Cameron's 10 Rules for Good Stereo

. Posted in Digital History

We published the 10 Commandments of Stereoscopy here from the beginning. But we are not alone.... James Cameron himself has clear ideas on what to do to avoid headaches for its cinema audience. 3DCinecast published the "Cameron's 10 Rules for Good Stereo" in July 2009. Here under you will find a summary ot the 10 rules.

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Here is the summary on the ten rules edicted by the great James Cameron:

 1 There is no screen

 2 Stereo is very subjective

 3 Analyzing stereospace on freeze frames can be misleading

 4 Convergence CANNOT fix stereo-space problems

 5 Convergence is almost always set on the eyes of the actor talking

 6 Interocular distance varies in direct proportion to subject distance from the lensshots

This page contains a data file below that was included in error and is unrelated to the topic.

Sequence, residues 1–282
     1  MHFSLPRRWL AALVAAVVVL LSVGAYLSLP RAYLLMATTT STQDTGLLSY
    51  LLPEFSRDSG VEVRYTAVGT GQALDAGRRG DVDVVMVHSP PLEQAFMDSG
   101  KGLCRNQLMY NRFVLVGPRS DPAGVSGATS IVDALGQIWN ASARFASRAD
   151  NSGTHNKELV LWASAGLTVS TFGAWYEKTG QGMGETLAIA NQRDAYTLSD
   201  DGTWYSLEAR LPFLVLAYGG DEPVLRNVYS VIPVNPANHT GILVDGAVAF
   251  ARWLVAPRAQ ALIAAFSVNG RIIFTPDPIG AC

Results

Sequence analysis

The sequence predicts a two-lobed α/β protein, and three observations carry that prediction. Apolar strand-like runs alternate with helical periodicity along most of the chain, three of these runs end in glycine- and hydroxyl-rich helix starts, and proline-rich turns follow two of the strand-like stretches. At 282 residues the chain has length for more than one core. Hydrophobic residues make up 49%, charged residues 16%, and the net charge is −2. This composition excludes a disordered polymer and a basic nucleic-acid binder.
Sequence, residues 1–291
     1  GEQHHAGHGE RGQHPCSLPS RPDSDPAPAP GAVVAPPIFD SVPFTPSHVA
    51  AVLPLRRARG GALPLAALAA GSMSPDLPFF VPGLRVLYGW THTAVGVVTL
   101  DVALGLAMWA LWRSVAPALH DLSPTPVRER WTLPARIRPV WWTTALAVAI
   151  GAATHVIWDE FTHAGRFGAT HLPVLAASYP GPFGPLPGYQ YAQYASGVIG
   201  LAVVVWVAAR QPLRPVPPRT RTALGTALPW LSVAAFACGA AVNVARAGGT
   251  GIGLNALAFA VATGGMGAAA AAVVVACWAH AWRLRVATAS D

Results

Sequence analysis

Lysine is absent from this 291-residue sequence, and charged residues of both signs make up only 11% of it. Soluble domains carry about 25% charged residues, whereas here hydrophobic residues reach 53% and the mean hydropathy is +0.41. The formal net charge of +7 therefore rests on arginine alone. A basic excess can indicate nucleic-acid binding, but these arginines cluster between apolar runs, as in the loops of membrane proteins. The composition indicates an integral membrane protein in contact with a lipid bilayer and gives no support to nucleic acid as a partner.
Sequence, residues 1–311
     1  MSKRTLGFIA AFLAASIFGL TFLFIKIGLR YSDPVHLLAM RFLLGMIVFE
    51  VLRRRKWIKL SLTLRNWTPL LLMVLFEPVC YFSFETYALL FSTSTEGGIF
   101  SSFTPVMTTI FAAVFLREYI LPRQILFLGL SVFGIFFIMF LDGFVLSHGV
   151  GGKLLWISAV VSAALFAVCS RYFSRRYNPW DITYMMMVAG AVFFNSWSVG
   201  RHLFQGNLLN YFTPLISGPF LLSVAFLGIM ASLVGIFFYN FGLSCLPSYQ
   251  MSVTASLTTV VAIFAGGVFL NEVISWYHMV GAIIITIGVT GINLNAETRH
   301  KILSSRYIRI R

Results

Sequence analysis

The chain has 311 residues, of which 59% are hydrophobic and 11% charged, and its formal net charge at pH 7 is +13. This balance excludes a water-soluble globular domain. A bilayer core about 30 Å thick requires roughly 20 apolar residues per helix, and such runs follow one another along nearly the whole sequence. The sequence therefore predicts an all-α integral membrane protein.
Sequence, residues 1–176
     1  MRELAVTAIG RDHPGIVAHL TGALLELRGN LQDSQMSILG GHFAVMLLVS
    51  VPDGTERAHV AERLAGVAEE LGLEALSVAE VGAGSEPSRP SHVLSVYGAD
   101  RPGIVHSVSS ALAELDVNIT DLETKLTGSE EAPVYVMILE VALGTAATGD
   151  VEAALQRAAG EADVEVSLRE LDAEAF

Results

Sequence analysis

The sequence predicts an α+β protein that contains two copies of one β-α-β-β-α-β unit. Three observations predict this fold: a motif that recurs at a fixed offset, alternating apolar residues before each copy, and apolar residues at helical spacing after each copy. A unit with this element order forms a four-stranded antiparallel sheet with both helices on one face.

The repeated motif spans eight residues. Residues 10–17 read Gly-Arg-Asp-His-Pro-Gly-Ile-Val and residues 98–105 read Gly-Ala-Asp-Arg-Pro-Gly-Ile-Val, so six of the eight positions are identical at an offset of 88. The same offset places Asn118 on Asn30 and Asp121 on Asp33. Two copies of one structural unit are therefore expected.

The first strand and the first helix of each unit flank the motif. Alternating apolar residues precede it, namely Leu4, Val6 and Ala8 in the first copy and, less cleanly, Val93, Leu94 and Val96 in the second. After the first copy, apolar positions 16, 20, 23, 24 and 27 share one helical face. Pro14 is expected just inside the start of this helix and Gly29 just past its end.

7 Interocular and convergence should both vary dynamically throughout moving shots

 8 In a composite, the foreground and background may want to have different interoculars

 9 When stereo looks bad to the eye (visual cortex) it is important to eliminate the problems sequentially:

      Sync, reverse stereo, Vertical mismatch, color/density mismatch, render errors, highlights, image warping, vibrations

10 Some shots just can't be fixed


Read all ten rules in greater details in the 3Dcinecast paper from Olivier Amato on July 27, 2009.

Read also

The "Ten Commandments of Stereoscopy" by Benoit Michel. They are available in 8 different languages.

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